It Is Sufficient If Only One House of Congress Objects to the Electoral College Vote on January 6, 2021 To Compel The House of Representatives To Vote For The President of The United States
By: Mario Apuzzo, Esq. | @ puzo1.blogspot.com
(Dec 30th, 2020) — The question is whether both Houses of Congress need to reject a state’s Electoral College vote for an objection made during the joint session of Congress on January 6, 2021 to prevail. As explained below, both Houses of Congress do not have to agree to reject a state’s Electoral College votes for those votes to be voided.
There are five scenarios under Section 15 of the Electoral Count Act of 1887(3 U.S.C. § 1 et. seq.) (“ECA”) for counting and resolving Electoral College votes disputes in the joint session of Congress. Scenarios 1 through 4 deal with cases in which both Houses either agree or disagree to the regularity of the votes. Scenario 1 is the only case in which Congress receives just one Electoral College return and both Houses must agree to reject the vote. Scenario 5 is the only one of the five scenarios in which the two Houses disagree, but it only applies when Congress receives competing electoral returns (one state submits to Congress more than one Electoral College vote return). With such disagreement, it provides that the stalemate between the Houses shall be broken by Congress having to accept the electoral votes which a state’s executive (Governor) shall have certified. Hence, under Section 15, one could argue that Scenario 5, which allows for a case in which both Houses disagree, only applies if Congress receives official competing electoral returns and that if it receives only one such return then the two Houses must under Scenario 1 both agree to reject that vote. As explained below, Congress in joint session is not shackled by Section 15 because Section 15 is unconstitutional and even if constitutional, it does not apply to a case of a corrupt underlying popular vote.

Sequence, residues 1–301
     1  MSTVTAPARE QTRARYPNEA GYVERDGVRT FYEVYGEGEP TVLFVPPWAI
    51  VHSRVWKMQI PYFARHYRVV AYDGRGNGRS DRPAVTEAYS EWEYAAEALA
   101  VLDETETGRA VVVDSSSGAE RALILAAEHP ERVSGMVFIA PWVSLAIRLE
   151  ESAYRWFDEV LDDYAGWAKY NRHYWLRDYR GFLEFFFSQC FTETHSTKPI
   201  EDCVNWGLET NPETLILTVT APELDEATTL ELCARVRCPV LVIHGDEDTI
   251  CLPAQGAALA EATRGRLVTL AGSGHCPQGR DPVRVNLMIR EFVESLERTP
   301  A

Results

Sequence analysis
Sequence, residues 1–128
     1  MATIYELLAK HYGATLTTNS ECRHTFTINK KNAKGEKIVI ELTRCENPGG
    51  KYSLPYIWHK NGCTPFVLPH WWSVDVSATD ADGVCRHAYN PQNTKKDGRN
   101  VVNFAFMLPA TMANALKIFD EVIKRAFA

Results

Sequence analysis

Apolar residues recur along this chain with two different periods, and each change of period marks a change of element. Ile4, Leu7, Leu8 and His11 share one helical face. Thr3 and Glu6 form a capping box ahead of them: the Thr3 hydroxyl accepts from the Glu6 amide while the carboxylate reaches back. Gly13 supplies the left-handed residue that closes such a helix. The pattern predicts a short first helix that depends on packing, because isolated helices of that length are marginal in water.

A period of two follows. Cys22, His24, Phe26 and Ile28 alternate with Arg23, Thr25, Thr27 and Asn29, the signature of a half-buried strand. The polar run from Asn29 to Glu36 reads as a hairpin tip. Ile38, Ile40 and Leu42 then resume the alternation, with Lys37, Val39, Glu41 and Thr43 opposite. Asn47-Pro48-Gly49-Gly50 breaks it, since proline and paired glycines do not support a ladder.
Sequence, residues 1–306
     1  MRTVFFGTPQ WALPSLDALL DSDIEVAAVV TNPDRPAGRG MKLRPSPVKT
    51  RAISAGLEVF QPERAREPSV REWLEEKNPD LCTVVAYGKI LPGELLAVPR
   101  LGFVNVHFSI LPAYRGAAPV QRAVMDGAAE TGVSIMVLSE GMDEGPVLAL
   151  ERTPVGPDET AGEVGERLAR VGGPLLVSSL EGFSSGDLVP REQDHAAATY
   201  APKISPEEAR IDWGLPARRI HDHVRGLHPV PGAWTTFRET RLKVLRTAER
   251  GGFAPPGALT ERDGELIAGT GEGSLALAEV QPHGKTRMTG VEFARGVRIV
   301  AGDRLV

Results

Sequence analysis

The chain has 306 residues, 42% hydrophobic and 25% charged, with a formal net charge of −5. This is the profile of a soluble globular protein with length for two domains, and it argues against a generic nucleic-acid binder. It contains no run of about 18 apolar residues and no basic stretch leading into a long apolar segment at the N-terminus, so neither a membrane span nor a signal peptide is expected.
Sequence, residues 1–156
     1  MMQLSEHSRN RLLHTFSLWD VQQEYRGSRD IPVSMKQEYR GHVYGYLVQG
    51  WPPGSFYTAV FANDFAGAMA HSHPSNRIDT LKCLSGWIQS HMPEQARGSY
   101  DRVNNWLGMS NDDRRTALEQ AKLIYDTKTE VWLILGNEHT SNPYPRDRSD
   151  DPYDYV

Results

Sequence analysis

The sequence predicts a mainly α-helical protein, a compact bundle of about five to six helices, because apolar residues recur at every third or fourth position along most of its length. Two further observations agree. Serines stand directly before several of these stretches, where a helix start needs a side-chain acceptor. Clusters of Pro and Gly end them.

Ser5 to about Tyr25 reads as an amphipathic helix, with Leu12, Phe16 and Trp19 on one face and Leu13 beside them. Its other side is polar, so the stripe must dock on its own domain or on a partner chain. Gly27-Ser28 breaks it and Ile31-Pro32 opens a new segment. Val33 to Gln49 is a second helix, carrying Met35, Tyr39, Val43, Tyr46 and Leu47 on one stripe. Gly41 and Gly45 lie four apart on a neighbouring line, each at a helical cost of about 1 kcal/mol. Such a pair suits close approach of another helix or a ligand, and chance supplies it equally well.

Again, there are five scenarios for resolution under Section 15 of the ECA. Scenarios 1 through 4 deal with cases in which both Houses either agree or disagree to the regularity of the votes. Scenario 5 provides:
“(5) But if the two Houses shall disagree in respect of the counting of such votes, then, and in that case, the votes of the electors whose appointment shall have been certified by the executive of the State, under the seal thereof, shall be counted.”
Scenario 1 only deals with cases in which there is only one return of a state’s electoral votes. It says that the votes must be counted unless both Houses reject the vote. So here we have both Houses agreeing with each other to reject the vote. Implicit is the case in which both Houses agree to accept the vote either with no objection by any Senator or Representative or with voting to accept the electoral votes after an objection. In both cases, the Houses are agreeing with each other.